--Don't drink when an individual episode feels as though it lasts for several days (I don’t know about you, but Episode 5 alone aged me by three years). Definitely don't go near alcohol when you wonder why no well-compensated HBO executive effectively reigned in Pizzolatto’s tendency to write clunky dialogue, march his poor actors through unforgiving exposition deluges and festoon what could have been a decent six- or eight-episode season with way too many barnacles, curlicues and extraneous doodads. But maybe I’m an outlier on this: I’ve been at the Television Critics Association press tour for a week, and my desire to drink has increased every time I’ve heard an executive at HBO, Amazon, Netflix or some other deep-pocketed content factory proudly declare that they don’t tell their amazingly talented creators what to do, ever, because creators are creative and anyone who is creative must always be right! Uhh, what? I’m all for creative people being allowed to shape their stories and employ their craft in intelligent and evocative ways, what is the point of executives at places like that if they don’t make the storytelling better, or at least stop it from turning into an expensive, reeking mess?

Ah, the hell with it, pour me a drink.

No, wait, I promised myself I would not drink when watching, thinking or writing about “True Detective”; that way lies madness and possible death. And yet I must confess that I am nevertheless addicted: I can’t stop watching it, because, as train wrecks go, much of Season 2 was a gift that did not stop giving.

As the sophomore season got off to a hilariously awkward start, Pizzolatto attempted to give us five or six different shows ineptly smushed in one, and most of the grafts were either rejected or took a long time to take. It was fitting that Season 2 began with the rotting, propped-up body of a dead man, because the central plot was a Frankenstein’s monster, a stitched-together creation that smelled more ripe as time went on.

As others have noted, for all its vaulting aesthetics and thematic ambition, Season 1’s saving grace was that it concentrated on only a few elements. There were linked murder investigations in the past and present, and the narrative through line -- which remained strong even when everything else wobbled -- was the complicated friendship of the two cops involved in those cases. Keeping the whole thing coherent were the masterful performances of Woody Harrelson and Matthew McConaughey and the sure, supple direction of Cary Joji Fukunaga, who infused long stretches of Season 1 with an air of wounded, graceful lyricism.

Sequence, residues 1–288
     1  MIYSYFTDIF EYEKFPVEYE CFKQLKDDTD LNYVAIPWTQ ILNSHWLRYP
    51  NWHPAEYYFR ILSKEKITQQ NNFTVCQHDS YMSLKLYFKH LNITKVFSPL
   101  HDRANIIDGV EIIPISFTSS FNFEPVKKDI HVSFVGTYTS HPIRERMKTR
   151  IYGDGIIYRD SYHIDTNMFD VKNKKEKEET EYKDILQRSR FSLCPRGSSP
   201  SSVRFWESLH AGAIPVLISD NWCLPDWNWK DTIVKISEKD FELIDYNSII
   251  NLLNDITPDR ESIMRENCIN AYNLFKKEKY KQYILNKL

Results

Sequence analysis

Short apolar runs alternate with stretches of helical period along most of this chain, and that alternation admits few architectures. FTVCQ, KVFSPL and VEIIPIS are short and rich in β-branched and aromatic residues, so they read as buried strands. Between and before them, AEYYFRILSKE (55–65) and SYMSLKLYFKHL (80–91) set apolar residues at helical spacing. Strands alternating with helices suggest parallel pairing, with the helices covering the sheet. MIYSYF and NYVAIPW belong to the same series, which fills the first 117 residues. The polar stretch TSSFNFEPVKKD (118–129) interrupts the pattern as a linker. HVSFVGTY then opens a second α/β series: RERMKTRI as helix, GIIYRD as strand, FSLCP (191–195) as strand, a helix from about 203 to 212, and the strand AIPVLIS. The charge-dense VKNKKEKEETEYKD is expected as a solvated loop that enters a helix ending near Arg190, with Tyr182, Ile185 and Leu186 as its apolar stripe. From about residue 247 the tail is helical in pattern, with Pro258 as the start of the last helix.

In retrospect, it’s more obvious how crucial the performance of McConaughey was; he had a sparkle in his eye that said, “Hey, maybe Rust Cohle is full of it, but at least he's an entertaining bullsh*t artist, am I right?” Both Harrelson and McConaughey had sly sides to their performances, and their ability to be both serious and to use subtle comic shadings to subvert Pizzolatto’s tendency toward preposterous faux-erudition ended up improving and elevating Season 1, which wasn’t too overwhelmed by inelegant detours and misguided deviations until it hit the home stretch.

This time around, it appears that Pizzolatto’s goal was to triple down on every mistake he made in Season 1, which may account for my weird fixation with this year's model: Soaring, unchecked arrogance can be a spectacle in its own right. Part of me knew what I'd be getting: Pizzolatto has never been known for subtlety, after all. Vinci is the most corrupt town! Ray Velcoro is the most tortured detective! This sex party has the most random boobs! These people employ even more sex workers than “Game of Thrones”! Take that, Westeros!

A tendency toward maximalism isn’t necessarily a bad thing. Film director George Miller has a similar urge toward energetic saturation, but the difference is, his characters are clearly delineated and his world-building ferociously complete and joyfully imaginative. But this season of the HBO show has hardly been “True Detective: Fury Road,” and more’s the pity. It’s been, for the most part, a series of grim, humorless attempts to crib from various kinds of noir, to shove 15 pounds of plot into a shoddily made 10-pound bag and to come up with something that could eventually incubate its own organic narrative drive.

And that didn’t happen consistently until Episode 7.